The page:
If you're installing a new operating system from scratch then Windows will use default chipset drivers to get your system running. Those default drivers have limited functionality. Generally, the first thing to do once Windows is up and running is to install the chipset drivers. It's best to install chipset drivers before anything else because some of your motherboard devices won't appear until after the chipset drivers are installed. In most cases things will still work if you install chipset drivers later, but generally speaking, it's best if they're installed first.

If you're updating an AGP driver then it may be referred to by many different names. It may be called the AGP driver, AGP miniport, or GART driver.

Keep in mind that most driver updates work perfectly but sometimes things can go wrong. You should only be doing this if you currently have problems. If you want to play it safe, then you should make a system restore point (as explained here) before fiddling with your drivers. Then if something goes wrong, you can roll Windows back to the state it was in before you got into trouble. To install most drivers, you must have administrator rights. This page explains how to make sure you have the appropriate priveleges. It's also a good idea to disable your anti-virus software before changing drivers.

Chipset Maker Chipset Driver Instructions


AMD bought ATI in 2006. Before that both AMD and ATI made chipsets. After they became one company the naming got confusing. Now you can find the same chipset referred to by two names: the more common ATI name, and a completely different AMD name. Sadly, AMD's support site is a mess of confusing searches, broken links, redirects which snatch defeat from the jaws of victory, and varying strategies for updating your drivers. There are four sections below which explain the chipset driver update procedure for the various cases. Take a look at how short the explanations are for all other brands of chipsets. AMD's is a mess. If you have a newer chipset then it's usually not that difficult to update your chipset drivers. If you have an older chipset then you may need a bit of patience to get it done.

For all but very old chipsets, AMD produces unified chipset drivers which support many chips in the same package. The package is called the "Southbridge/IXP Driver" or just "Southbridge Driver". AMD sometimes uses the term IXP to refer to southbridges. This is the driver you need to find in most cases. You may be asking, "Fine, but what about the northbridge?". Some of the AMD southbridge drivers also include a northbridge driver which you can see in the unpacked directories after running the installer. I don't have an AMD chipset motherboard to prove that the northbridge driver is actually installed. But the northbridge driver is in some of the driver packages so I assume that's where they put it when one is needed. If you go looking for "chipset drivers" on a motherboard maker's website, they'll aim you at one of these AMD southbridge driver packages. So this is the "official" way of doing it on an AMD chipset motherboard.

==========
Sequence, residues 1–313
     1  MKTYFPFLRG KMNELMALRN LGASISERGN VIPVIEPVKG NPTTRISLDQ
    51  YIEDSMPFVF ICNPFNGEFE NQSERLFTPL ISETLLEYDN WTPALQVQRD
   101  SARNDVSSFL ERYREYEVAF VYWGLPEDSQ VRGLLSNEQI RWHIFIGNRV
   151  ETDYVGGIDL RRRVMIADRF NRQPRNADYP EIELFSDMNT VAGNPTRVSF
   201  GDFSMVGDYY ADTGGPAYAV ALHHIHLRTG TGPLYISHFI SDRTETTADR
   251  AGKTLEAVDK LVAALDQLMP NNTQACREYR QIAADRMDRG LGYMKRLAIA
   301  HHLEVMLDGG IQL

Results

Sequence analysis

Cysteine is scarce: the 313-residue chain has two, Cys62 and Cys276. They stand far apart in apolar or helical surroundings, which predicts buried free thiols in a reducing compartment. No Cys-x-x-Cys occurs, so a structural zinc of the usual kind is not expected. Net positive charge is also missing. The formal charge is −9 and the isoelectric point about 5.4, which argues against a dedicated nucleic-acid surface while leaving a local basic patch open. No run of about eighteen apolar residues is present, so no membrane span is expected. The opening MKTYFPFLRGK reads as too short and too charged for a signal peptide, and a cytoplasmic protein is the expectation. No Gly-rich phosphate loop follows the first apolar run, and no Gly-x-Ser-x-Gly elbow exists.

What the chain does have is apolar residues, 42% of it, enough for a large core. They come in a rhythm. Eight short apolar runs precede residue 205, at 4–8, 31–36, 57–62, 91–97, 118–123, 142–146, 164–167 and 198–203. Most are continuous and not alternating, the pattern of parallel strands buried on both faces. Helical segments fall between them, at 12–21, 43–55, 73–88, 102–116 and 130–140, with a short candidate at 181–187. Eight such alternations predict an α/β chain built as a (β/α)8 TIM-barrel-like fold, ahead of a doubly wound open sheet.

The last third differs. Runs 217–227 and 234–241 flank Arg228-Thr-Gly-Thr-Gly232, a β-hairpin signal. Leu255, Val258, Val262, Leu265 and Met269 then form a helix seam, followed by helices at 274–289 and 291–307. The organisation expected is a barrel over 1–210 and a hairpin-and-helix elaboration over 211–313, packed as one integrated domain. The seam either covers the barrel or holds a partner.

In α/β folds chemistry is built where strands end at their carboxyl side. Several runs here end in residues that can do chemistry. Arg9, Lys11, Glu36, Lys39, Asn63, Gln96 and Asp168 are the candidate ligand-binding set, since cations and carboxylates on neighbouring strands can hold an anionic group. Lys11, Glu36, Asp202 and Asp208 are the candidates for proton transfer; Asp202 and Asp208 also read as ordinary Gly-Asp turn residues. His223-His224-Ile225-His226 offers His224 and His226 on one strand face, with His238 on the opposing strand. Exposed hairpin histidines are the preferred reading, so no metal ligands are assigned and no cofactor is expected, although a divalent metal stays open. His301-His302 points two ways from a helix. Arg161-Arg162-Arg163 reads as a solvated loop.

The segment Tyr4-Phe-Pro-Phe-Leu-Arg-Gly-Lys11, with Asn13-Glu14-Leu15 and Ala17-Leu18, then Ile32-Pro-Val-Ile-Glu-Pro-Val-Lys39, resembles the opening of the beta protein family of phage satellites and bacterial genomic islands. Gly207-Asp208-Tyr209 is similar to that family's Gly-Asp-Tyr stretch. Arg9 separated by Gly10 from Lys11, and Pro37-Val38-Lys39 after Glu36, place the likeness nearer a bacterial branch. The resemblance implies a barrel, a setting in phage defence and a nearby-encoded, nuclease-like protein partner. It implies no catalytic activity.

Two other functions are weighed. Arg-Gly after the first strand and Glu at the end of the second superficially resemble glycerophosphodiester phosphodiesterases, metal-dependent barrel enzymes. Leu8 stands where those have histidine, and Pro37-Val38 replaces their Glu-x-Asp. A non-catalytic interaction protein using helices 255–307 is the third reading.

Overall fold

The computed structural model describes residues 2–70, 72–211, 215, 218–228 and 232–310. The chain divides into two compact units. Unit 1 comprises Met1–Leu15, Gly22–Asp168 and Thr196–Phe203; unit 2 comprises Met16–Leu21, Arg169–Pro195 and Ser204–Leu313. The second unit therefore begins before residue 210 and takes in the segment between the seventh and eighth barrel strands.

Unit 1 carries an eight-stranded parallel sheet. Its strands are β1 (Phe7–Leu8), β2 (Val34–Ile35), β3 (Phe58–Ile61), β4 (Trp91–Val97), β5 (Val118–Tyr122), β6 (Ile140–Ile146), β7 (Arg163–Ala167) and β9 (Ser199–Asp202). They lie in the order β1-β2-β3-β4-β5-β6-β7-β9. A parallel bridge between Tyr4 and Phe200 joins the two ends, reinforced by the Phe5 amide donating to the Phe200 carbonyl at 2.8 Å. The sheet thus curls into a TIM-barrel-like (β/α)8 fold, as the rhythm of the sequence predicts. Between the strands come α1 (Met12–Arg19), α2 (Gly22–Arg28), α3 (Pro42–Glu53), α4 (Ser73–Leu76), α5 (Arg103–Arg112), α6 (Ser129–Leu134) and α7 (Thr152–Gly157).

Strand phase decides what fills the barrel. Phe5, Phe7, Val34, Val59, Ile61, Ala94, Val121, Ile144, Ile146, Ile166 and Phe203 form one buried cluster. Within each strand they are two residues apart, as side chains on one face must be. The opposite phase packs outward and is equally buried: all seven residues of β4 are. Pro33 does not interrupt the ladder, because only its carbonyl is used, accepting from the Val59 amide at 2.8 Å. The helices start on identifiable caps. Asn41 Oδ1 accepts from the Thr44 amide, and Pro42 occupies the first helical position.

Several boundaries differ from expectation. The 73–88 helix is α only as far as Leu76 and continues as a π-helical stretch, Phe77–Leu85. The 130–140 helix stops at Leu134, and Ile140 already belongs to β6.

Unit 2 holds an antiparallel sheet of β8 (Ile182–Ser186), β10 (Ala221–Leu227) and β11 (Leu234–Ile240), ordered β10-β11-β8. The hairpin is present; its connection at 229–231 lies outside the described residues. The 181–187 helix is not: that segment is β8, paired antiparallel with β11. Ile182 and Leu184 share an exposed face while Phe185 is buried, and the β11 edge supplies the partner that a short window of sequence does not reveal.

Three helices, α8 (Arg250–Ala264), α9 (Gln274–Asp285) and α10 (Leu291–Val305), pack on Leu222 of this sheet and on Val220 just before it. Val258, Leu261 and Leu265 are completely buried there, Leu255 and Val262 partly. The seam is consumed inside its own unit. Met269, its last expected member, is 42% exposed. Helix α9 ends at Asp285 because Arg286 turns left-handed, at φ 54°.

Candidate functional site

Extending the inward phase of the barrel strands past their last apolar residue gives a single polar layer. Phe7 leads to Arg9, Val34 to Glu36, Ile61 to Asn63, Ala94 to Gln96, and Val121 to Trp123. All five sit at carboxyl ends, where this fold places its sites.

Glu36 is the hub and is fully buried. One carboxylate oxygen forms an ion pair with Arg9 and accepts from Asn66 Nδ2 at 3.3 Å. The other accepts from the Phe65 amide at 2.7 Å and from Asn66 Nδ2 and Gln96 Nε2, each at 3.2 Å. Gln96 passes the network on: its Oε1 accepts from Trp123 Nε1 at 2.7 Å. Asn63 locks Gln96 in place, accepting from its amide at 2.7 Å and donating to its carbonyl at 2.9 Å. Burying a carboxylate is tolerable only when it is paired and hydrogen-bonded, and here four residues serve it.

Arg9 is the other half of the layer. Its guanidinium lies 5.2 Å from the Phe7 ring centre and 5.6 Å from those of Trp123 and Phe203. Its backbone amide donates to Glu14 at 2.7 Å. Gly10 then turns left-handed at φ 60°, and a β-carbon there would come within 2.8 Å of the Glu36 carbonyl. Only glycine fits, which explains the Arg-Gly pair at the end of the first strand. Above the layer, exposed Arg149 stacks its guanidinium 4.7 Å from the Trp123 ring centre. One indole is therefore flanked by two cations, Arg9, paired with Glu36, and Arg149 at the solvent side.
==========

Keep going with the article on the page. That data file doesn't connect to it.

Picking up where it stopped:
Very old AMD chipsets: AMD 750 or 8000 series

If your chipset is AMD-751, AMD-761, or AMD-762 then you should try this page. Unfortunately, this sort of page has been disappearing or becoming inaccessable on AMD's site so I don't know how long that link will work. If it's gone then go here and under the "Chipsets" section click "All Chipsets". The "Drivers & Downloads" tab on the next page contains a list of all drivers. Yours are in there. If you have an AMD-8151 then start here and under the "Chipsets" section click "All Chipsets". Then go to the "Product" drop down list near the top of the page and select "AMD 8000 series" and click the "Submit" button. The "Drivers and Downloads" tab contains your drivers (and a few which don't work for your chipset).

The easiest way to update your chipset drivers is to install the "AMD Driver Pack" for your chipset. Version 1.30 is for the AMD 750 series and Version 2.3.0 is for the 8000 series. The driver packs contain the various drivers for your chipset including an AGP driver. The pack automatically figures out what operating system is running and installs the drivers for the chips in your system. If you need the AMD 750 AGP driver for Windows XP then you'll have to load the separate Windows 2000/XP AGP driver because the Driver Pack doesn't support XP. Keep in mind that these chipsets are very old and don't support the most recent operating systems very well. New operating systems (if they run at all) will have to make do with their built in drivers. These drivers haven't been updated for years anyway so new operating systems will already have the most recent drivers built in.